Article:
Thanks for your patience as we build these resources for you.
STEM Content: Entire Book 5, A Stone’s Throw
Branches and sub-branches in Book 5:
- Biology: Plants; Animals; People
- Chemistry: Function; Mix of structure and function
- Physics: Mechanics; Optics; Heat and Temperature; Gravity
- Earth, Space Science: Astronomy; Geography; Geology; Environment
- Math: Arithmetic; Estimating; Statistics
- Technology: Physics (Mechanics; Optics)
- Engineering: Architecture (Physics; Math); Data transmission (Physics; Earth, Space Science; Math); Complex Systems: International Space Station (Physics; Earth, Space Science; Math )
Specific subjects and topics appear in the right column, next to their respective branches and sub-branches.
|BRANCHES/SUB-BRANCHES||SUBJECTS AND TOPICS
|BIOLOGY||Life and living things|
|Plants||Food crops: Rutabaga, potatoes|
|Cultivated flowers: lavender|
|Animals||Animal habitats; bird sanctuary|
|People||Extremophile trait? Quick healing|
|CHEMISTRY||Substances, their structure, behavior, interactions|
|Function||pH: Acidic conditions|
|Mix of structure and function||Don’t want your liquid (non-food) to boil over? Use boiling chips!|
|Oil and water don’t mix – or do they?|
|Water density: how much salt did you add?
|PHYSICS||Properties and nature of matter and energy|
|Mechanics||Stones don’t walk on water, but they can skip|
|Speed up air, water movement by narrowing outlets (Bernoulli’s Principle)|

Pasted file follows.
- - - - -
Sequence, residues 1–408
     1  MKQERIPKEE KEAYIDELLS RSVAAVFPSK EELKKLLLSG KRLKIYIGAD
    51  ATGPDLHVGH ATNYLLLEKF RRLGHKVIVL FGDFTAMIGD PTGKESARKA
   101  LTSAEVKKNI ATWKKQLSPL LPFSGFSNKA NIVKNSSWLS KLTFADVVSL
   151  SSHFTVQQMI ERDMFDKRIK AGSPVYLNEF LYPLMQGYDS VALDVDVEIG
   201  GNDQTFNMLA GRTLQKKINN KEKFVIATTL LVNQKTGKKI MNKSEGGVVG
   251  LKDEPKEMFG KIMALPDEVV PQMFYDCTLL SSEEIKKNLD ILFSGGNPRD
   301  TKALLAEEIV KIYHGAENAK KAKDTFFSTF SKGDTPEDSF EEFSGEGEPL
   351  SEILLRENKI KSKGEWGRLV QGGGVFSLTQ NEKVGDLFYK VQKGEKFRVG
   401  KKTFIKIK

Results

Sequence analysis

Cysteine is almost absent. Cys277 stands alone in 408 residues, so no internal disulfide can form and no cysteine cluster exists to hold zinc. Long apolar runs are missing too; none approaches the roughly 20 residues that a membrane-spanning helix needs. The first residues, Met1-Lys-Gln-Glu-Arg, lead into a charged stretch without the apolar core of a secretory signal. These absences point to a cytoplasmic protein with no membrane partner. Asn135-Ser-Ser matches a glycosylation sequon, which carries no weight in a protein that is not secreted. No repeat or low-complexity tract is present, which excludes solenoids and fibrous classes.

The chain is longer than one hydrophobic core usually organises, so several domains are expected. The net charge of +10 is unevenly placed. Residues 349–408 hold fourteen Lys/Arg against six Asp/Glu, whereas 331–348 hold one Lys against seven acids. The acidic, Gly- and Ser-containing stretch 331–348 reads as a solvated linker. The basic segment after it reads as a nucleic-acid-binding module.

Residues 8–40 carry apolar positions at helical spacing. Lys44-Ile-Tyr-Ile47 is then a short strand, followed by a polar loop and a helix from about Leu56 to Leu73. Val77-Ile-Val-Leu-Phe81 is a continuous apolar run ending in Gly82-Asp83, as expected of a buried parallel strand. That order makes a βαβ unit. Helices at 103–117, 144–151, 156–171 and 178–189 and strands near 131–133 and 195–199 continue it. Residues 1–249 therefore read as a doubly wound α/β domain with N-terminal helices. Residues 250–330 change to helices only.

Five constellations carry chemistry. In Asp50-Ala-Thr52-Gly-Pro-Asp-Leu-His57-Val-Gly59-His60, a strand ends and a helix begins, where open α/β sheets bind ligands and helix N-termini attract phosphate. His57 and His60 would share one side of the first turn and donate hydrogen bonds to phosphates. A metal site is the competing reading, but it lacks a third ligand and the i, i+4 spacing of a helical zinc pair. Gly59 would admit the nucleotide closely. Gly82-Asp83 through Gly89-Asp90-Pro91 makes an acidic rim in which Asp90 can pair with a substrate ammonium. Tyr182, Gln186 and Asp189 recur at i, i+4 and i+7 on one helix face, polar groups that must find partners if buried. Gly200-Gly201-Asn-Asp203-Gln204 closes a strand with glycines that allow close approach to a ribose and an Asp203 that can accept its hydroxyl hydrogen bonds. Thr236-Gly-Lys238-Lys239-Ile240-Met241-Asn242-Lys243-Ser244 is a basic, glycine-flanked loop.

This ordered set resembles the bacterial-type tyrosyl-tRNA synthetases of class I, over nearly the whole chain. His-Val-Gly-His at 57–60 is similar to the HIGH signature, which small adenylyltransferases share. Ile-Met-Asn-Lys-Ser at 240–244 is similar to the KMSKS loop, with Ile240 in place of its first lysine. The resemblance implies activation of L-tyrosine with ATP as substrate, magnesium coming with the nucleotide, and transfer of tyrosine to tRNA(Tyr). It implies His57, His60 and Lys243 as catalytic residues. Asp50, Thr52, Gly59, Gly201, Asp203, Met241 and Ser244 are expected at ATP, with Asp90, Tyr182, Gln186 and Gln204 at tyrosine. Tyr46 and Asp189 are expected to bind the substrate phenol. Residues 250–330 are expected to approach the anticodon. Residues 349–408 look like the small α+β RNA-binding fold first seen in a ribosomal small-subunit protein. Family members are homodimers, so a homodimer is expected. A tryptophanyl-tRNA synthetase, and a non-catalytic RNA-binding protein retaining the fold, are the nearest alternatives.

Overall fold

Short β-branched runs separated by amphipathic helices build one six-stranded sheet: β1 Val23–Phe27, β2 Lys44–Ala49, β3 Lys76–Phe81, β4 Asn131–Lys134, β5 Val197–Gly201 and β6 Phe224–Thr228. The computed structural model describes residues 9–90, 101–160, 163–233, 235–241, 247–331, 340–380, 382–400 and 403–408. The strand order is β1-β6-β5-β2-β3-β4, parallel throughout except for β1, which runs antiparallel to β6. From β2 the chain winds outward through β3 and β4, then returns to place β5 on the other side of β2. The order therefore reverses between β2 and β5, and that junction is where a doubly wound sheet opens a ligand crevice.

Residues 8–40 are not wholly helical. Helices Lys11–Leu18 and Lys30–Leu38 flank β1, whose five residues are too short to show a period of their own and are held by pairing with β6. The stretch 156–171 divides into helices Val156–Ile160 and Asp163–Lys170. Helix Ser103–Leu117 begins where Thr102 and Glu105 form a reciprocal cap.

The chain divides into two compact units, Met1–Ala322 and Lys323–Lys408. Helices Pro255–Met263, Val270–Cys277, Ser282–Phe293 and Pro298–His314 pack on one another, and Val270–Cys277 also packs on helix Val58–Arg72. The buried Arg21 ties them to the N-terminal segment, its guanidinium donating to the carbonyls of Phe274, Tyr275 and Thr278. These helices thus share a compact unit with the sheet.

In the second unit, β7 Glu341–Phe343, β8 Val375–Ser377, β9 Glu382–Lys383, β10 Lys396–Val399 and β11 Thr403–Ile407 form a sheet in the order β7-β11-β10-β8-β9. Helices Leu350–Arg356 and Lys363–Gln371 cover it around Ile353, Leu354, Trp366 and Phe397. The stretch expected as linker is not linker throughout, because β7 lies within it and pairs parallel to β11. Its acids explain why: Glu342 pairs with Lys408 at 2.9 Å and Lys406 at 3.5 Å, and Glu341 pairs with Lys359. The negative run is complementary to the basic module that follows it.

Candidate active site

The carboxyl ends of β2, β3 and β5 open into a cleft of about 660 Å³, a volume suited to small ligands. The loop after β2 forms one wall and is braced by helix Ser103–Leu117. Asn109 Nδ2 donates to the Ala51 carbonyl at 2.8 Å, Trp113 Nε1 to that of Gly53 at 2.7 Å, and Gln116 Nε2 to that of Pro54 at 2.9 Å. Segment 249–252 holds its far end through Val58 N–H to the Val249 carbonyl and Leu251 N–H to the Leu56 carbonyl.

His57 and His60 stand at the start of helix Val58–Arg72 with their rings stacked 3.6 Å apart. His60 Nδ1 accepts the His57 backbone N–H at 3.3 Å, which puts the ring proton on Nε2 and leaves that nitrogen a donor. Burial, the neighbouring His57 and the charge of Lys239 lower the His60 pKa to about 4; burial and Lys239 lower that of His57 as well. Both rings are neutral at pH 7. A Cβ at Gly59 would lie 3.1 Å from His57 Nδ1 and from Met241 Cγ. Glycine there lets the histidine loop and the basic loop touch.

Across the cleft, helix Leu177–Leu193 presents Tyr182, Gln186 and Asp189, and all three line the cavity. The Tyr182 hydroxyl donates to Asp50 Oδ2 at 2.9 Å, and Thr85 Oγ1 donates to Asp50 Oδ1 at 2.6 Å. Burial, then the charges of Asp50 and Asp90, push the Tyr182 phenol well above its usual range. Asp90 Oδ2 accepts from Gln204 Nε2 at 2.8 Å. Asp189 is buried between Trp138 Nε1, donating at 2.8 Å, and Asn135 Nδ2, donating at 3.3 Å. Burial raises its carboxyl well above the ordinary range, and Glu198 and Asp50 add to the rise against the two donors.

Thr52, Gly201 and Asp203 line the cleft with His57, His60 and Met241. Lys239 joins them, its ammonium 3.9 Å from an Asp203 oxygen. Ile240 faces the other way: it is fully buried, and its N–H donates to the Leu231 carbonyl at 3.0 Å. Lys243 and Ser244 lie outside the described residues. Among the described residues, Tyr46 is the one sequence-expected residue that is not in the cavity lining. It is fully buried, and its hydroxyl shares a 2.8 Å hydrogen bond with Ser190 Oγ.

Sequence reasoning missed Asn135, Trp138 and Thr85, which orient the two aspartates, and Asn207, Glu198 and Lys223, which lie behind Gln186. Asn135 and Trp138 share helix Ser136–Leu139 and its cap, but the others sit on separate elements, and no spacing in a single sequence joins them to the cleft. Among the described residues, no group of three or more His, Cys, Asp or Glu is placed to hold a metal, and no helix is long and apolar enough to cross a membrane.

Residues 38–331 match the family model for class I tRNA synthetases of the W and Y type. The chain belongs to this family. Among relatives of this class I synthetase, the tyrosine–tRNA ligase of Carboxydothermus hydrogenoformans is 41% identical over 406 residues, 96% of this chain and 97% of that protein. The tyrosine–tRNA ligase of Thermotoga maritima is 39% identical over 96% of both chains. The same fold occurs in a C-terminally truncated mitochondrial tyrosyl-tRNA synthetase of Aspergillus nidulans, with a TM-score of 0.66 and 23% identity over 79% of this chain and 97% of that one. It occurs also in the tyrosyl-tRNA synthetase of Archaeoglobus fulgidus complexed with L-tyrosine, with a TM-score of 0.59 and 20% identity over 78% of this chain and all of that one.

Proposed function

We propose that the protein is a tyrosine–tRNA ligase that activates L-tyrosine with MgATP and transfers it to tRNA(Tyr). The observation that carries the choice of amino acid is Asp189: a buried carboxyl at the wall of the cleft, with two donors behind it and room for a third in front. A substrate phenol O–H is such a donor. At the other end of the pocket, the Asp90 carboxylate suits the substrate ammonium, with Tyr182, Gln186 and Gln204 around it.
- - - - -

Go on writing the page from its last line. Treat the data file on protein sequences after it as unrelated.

|Optics||How do lighthouse lights shine so far? Fresnel lenses|
|Light reflections on water move as you move|
|Gravity||What makes you fall down, not up|
|EARTH, SPACE SCIENCE||Related to planet Earth and beyond|
|Astronomy||Look up to the night sky: Northern Lights; International Space Station
|Geography||Continents, countries, oceans and other waters, and their features|
|Locations||Door County: Washington Island, Rock Island
|Geology||Earth’s physical structure, substance, history, processes|
|Environment|| Physical, chemical and biological conditions that impact people, animals, plants and microbes
||Natural, human impact
|Habitats||Preservation and restoration|
|Wind||Direction the wind blows makes a difference|
|MATH||Numbers, quantities and analysis|
|Estimating||A way to figure out the middle of an odd shape|
|Statistics||Collect facts or numbers, then use different kinds of arithmetic to analyze them and explain why your idea is right or wrong|
|TECHNOLOGY||Tools (products) and techniques using science